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The problem with small tile over a membrane like Ditra or Ditra Heat is that the tile is only supported by thinset towers in between what is essentially just a thin plastic 'empty air space'. A point load will not have any support, at least in some parts. But, the force is transmitted somewhat down along an angle (think pyramid), so if you have a thick enough substrate, the forces will act like a bigger tile, hitting those 'towers'. So, if you were to fill the surface of the DitraHeat with a layer of SLC and maybe 1/4-1/2" above the surface, you'd be able to use those smaller tiles. But, while DitraHeat may be easier to do your heating wire layout, if you're going to use SLC over it to be able to support smaller tiles than suggested, you're really kind of wasting money and embedding the wire/mat in SLC would seem to be a better way. You could use something like RedGard or Ditra over the SLC and heating to waterproof things, if desired.
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Unread 04-19-2017, 10:59 PM   #9
machinemanjr
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Should I be concerned about not using an uncoupling product (such as Ditra) under my small bath tile given that I have a 3/4" plywood subfloor? OR does a wire system covered in SLC act as uncoupling membrane?
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Unread 04-19-2017, 11:05 PM   #10
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Ian, I would not install one of those wire heating systems under a ceramic tile installation without a crack isolation membrane over the heating system. There are many of those available and I would recommend NobleSeal CIS from the Noble Company. Tile size makes no difference with such sheet membranes.

My opinion; worth price charged.
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Unread 04-19-2017, 11:32 PM   #11
machinemanjr
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CX thank you, I appreciate your clues. I will look into one of those.

Also, any suggestions on heating cable or system that has a nice looking thermostat and is easy to install?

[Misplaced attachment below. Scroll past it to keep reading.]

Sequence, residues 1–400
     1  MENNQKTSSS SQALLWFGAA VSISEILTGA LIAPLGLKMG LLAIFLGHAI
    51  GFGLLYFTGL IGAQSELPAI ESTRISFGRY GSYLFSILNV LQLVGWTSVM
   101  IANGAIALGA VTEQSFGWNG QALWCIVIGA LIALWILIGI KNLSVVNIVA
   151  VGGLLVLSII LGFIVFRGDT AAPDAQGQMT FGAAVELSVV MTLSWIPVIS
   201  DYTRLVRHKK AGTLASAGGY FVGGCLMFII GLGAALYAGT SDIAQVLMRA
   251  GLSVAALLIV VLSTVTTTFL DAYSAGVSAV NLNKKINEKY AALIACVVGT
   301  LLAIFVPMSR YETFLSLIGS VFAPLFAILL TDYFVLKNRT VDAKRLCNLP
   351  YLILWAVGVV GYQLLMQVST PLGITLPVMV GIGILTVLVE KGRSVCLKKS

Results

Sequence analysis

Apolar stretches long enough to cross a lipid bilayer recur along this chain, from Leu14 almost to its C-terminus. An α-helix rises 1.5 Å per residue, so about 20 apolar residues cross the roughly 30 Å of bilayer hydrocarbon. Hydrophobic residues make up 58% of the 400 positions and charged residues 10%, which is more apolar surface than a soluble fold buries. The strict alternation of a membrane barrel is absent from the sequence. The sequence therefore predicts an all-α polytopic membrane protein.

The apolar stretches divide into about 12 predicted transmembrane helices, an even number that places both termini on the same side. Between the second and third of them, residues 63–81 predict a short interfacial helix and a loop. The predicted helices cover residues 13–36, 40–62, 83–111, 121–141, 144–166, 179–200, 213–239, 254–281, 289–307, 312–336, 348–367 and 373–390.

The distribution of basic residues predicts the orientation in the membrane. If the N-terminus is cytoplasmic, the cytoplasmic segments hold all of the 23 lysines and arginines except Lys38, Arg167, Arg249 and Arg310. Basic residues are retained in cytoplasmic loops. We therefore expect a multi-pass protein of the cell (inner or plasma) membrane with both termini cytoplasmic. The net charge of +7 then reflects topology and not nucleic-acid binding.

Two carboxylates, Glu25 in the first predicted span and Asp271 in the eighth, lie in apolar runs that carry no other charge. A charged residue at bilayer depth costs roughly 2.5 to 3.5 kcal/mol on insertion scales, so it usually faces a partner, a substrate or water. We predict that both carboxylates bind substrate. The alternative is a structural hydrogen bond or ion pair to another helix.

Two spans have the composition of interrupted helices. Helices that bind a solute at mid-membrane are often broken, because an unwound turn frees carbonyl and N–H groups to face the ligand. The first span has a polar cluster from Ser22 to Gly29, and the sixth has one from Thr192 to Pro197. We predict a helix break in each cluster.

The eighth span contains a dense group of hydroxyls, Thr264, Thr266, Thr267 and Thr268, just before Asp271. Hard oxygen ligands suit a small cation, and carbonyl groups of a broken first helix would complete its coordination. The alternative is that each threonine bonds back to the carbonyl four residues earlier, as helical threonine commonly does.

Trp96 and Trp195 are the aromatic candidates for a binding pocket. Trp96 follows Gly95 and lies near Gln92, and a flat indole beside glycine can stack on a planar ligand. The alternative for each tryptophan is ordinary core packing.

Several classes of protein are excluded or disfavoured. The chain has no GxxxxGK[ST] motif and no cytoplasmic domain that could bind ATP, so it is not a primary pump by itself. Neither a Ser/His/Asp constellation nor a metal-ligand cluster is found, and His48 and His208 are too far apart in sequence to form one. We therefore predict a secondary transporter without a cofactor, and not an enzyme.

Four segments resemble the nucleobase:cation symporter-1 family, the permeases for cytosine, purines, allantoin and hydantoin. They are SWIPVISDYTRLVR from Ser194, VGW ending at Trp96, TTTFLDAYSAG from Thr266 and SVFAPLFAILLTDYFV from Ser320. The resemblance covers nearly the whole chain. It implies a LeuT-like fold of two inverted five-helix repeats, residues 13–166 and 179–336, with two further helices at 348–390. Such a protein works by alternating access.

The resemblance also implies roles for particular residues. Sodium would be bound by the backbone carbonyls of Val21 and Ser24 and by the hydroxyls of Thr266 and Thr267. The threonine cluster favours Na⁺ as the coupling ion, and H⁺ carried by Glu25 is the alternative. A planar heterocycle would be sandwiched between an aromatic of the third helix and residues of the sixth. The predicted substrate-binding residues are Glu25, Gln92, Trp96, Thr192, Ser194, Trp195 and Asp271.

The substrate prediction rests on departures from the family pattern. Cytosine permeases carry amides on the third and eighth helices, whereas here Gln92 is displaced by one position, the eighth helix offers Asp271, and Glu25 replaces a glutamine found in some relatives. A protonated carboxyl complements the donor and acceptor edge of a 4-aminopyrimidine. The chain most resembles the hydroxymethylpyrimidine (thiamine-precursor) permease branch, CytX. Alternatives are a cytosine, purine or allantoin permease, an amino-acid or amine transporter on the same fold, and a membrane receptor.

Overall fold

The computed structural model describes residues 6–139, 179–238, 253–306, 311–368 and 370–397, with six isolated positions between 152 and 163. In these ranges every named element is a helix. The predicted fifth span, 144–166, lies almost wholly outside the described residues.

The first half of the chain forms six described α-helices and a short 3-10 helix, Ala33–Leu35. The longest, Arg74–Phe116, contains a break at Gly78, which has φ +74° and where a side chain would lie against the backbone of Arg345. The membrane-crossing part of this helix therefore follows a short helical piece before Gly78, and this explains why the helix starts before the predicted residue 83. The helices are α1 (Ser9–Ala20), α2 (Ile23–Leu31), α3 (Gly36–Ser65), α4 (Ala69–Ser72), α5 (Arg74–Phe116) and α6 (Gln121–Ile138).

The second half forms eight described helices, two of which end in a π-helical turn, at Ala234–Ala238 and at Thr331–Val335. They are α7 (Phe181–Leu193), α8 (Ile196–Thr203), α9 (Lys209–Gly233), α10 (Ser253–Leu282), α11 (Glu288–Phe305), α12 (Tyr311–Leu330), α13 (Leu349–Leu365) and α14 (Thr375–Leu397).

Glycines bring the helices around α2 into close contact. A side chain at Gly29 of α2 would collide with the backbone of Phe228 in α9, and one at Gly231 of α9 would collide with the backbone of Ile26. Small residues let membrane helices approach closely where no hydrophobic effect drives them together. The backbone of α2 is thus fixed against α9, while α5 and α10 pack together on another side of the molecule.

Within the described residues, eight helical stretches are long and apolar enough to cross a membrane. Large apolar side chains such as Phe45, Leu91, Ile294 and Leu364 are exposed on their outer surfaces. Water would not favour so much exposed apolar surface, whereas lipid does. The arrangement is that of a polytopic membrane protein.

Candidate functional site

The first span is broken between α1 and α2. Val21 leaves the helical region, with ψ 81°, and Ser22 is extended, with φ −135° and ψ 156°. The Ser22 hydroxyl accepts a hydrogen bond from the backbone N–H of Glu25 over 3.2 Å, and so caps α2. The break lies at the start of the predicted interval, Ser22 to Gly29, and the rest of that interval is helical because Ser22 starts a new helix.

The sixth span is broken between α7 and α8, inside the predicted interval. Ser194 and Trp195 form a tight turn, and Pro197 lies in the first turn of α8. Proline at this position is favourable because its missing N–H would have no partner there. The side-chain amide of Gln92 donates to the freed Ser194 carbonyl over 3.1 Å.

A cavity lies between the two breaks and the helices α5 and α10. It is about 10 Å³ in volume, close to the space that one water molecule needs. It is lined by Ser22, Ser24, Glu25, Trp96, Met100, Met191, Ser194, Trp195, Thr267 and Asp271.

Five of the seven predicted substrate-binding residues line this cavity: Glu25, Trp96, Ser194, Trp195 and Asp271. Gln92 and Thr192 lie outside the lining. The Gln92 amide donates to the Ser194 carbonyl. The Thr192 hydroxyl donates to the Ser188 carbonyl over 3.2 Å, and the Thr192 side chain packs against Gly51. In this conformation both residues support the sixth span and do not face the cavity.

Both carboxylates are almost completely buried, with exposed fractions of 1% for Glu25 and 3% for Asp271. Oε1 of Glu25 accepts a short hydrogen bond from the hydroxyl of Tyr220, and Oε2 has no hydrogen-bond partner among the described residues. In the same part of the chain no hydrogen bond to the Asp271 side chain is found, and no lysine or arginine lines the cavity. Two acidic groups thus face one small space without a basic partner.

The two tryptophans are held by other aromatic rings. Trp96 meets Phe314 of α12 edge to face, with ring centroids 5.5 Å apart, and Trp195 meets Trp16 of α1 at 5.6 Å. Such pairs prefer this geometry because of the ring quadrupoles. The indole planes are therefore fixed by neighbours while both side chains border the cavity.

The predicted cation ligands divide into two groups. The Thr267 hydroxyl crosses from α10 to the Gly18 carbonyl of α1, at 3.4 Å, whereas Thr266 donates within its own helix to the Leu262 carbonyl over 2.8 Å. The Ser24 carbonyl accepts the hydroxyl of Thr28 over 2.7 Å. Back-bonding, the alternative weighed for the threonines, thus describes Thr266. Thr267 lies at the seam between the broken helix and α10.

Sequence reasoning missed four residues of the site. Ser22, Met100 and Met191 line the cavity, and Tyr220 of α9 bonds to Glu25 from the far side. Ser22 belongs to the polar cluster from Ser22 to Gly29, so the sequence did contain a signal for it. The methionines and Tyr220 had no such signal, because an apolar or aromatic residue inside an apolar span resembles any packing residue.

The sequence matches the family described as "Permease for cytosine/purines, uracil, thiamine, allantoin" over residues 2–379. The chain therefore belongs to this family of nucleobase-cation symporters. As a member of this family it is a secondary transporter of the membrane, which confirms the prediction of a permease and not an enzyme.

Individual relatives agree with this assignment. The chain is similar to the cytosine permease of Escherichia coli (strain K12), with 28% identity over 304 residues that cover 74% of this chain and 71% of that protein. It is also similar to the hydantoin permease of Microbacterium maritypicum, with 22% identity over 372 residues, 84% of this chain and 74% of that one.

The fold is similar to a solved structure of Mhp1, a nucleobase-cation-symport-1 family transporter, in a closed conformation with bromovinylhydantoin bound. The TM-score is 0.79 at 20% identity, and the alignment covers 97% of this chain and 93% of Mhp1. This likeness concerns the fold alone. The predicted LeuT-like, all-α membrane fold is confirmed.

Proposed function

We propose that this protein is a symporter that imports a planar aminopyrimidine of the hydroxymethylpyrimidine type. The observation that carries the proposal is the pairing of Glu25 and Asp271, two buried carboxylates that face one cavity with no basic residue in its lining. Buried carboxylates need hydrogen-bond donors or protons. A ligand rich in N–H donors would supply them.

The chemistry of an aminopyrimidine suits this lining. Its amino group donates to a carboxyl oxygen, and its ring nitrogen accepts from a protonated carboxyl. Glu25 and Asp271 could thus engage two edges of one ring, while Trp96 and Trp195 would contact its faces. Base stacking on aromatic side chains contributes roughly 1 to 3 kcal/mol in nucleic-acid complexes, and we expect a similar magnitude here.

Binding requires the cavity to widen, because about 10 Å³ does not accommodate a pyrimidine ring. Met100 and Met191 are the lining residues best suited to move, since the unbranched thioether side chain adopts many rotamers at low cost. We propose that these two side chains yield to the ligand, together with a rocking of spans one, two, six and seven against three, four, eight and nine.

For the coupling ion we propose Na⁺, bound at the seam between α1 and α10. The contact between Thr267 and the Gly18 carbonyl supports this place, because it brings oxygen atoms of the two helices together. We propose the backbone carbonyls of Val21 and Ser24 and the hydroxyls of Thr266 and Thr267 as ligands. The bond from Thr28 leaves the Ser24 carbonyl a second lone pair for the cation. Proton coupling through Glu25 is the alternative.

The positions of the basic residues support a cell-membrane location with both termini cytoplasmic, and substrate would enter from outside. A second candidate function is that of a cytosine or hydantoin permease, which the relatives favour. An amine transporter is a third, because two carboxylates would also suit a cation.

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Unread 04-20-2017, 07:55 AM   #12
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I'll second the vote for skipping the Ditra Heat and going directly to a wire based heating system embedded in SLC. I used laticrete's floor heat mats embedded in Ardex LBB, and topped it with Tec Hydraflex as a crack isolation membrane. It worked great under marble mosaic tile.

The Laticrete thermostat looks good and is easy to use and install.
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Unread 04-21-2017, 02:22 PM   #13
machinemanjr
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So in talking to the tile guys the plan is this:

Install new 3/4" T&G plywood over the joists, seal with hydroban, then install wire floor heating system, self leveling cement over the wires, then seal with hydroban again and tile over that substrate.

Thoughts? I believe hydroban acts as a uncoupling membrane too, is that correct?


As for the shower walls and mud set this is their plan: Install mudpack, shower heating cables and rubber liner (not sure of order) then coat with hydroban. Wall backer they want to use DensShield then coat in hydroban.


Thoughts/Comments?
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Unread 04-21-2017, 04:26 PM   #14
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The first proposed coat of Hydroban is a complete waste as far as I'm concerned. What is their reasoning for that?

The SLC manufacturer's required primer over the plywood is what you want after the heating wires are installed, then the SLC. If you want a crack isolation or uncoupling membrane over that, which I would require, I'd want a sheet type.

I don't believe Laticrete indicates their Hydroban for use over single layer plywood subfloors nor under SLC, but I suppose it would work over the SLC if you allow the SLC to cure sufficiently before application and apply per the manufacturer's instructions. That presumes Laticrete indicates the material over an SLC substrate, which I do not know.

I think you should sit down with your tile contractor and read together all the manufacturer's instructions for all the products you intend to use. Very helpful at times.

I think I'd wanna consult Laticrete before I painted the stuff over the DensShield, too.

My opinion; worth price charged.
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Unread 04-21-2017, 04:40 PM   #15
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Like CX said, with emphasis to dial 1.800.243.4788 x235 for Laticrete tech support. I think they will frown upon your tile guy's plan.

You can call them direct, and should to get the straight scoop from those in the know.